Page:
LIGHTS, CAMERA, ACTION.

The room reverberates with voices. Nine men and women in small clusters, pages of SASA! scripts in front of them, are acting out an interaction between the two sexes that hopefully will help an audience become more aware of the issues surrounding power imbalances between men and women. This is the hope of the newly formed Kamanga Community Drama Group. Conso and Abduli, Cedar Tanzania’s Field Officers walk around, listening, watching and offering advice about how the novice actors could better their performances.

There is an excitement in the air. Nothing like this has ever happened before in Kamanga, but Cedar Tanzania, in partnership with Raising Voices, has been implementing the SASA! program since 2015, in order to challenge the status quo and begin the process of helping the Kamangan community make better choices that will hopefully end violence against women and girls, stop the spread of HIV and create safe and loving families.

“We know that violence against women is both a cause and a consequence of HIV infection. We know that the power imbalance between men and women fuels these pandemics. But how can we address such a complex and deeply rooted issue? SASA! is Raising Voices’ response to this question.” Raising Voices

The SASA! methodology utilizes a variety of ways to help a community audience explore the question of ‘How do you use you power?” Posters and flyers go a long way towards generating community discussions but a dramatized skit does more. Drama brings the issues to life and helps the audience ‘see’ the impact that their choices could have on their partners and their children.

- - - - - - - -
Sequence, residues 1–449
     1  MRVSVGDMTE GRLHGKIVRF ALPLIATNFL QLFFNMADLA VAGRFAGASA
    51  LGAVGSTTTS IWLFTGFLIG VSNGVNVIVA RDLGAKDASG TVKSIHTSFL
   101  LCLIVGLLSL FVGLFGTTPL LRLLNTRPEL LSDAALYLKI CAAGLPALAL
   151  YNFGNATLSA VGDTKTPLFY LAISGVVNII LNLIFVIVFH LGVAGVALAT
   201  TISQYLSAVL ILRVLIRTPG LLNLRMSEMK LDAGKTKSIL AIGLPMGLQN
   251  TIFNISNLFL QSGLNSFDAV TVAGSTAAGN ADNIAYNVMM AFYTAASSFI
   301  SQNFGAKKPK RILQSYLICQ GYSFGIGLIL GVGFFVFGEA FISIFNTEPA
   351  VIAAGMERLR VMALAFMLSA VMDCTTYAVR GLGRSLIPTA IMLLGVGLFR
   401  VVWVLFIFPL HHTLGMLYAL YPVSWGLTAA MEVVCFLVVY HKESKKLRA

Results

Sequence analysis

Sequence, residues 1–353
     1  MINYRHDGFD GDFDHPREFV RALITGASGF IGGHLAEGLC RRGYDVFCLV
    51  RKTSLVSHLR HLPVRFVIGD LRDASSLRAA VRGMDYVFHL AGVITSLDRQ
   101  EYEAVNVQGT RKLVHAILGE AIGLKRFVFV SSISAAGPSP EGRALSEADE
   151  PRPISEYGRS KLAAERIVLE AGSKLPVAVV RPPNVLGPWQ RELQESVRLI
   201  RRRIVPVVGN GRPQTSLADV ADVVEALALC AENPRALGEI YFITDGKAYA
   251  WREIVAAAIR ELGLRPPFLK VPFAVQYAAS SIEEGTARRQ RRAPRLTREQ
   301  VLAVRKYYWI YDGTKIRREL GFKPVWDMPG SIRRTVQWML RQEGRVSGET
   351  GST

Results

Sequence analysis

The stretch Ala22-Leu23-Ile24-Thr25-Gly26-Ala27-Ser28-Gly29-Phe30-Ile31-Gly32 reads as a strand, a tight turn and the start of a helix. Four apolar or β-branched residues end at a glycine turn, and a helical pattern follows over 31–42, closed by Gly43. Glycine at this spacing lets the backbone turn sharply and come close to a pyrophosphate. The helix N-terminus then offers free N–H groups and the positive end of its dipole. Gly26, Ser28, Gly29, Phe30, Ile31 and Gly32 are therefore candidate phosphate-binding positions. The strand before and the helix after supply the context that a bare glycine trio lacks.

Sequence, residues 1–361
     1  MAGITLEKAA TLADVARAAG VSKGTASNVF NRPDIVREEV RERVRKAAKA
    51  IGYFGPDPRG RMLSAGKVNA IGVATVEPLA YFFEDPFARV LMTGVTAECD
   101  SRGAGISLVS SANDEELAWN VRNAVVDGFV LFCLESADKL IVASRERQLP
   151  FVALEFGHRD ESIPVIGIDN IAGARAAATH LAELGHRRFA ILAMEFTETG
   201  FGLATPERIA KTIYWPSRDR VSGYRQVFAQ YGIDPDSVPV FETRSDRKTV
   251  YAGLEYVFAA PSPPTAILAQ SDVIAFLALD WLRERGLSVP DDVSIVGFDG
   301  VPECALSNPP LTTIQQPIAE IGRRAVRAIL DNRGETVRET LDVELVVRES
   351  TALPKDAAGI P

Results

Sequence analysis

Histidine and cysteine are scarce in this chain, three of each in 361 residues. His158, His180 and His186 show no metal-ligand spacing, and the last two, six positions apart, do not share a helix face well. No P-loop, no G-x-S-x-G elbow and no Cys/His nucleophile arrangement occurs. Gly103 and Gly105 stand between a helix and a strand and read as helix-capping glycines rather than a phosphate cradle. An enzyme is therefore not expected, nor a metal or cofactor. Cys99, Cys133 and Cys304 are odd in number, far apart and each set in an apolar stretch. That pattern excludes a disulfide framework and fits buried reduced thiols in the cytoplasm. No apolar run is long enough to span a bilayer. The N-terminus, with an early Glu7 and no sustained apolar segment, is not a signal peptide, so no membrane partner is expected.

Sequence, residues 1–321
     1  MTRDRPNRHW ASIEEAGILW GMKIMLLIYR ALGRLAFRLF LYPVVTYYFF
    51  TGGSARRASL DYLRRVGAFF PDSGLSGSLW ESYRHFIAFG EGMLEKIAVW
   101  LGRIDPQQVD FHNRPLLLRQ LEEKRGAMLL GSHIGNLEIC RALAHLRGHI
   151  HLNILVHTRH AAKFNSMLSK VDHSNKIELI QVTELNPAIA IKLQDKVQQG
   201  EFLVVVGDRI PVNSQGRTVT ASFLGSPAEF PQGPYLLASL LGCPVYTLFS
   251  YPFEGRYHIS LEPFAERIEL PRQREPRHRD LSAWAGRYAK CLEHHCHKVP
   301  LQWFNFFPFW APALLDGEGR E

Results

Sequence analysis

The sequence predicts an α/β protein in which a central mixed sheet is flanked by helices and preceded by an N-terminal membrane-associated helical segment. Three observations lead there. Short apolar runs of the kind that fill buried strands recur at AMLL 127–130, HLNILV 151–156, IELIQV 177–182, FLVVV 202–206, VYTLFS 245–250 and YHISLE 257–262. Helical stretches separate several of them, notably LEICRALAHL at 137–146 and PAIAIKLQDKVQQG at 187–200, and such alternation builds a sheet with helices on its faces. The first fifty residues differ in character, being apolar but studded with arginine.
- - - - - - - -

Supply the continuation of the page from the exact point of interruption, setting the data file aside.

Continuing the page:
The SASA! program does not allow the showing of acts of violence in any media format, whether in print, film or dramatic skits. Instead, dramatic performances show how men and women can make choices about their uses of power in a non violent way. Questions are levied to the audience after each performance by a Community Activist to explore alternative, non-violent  ways of resolving domestic and relationship issues between men and women.

The program in Uganda has been highly effective, shifting the thoughts and behaviours of people in communities where SASA! has been implemented:

 “I learned that some of the things I used to do were not right at all . . . for instance I thought that whenever I needed sex I had to have it without her denying me.” —male community member.

  “I have changed a lot. I no longer beat her as I used to. I no longer use abusive language on her.”—male community member.

 “In the past, we would just ignore it  if a man beat his wife, but now I think it is not okay to ignore it.” —female community member. 

We hope that one day Kamangan community members will also be able to share these thoughts about how SASA! has changed their attitudes.

Cedar Tanzania is planning a SASA! day event in Kamanga village in which the drama group will be performing a variety of drama skits that will help provoke discussions with the audience. Games, posters and flyers, music and football will help make this SASA! event day memorable and enjoyable, yet also informative . We hope that Cedar Tanzania, in partnership with Raising Voices,  will be a few steps closer towards ending violence against women and children in the village of Kamanga.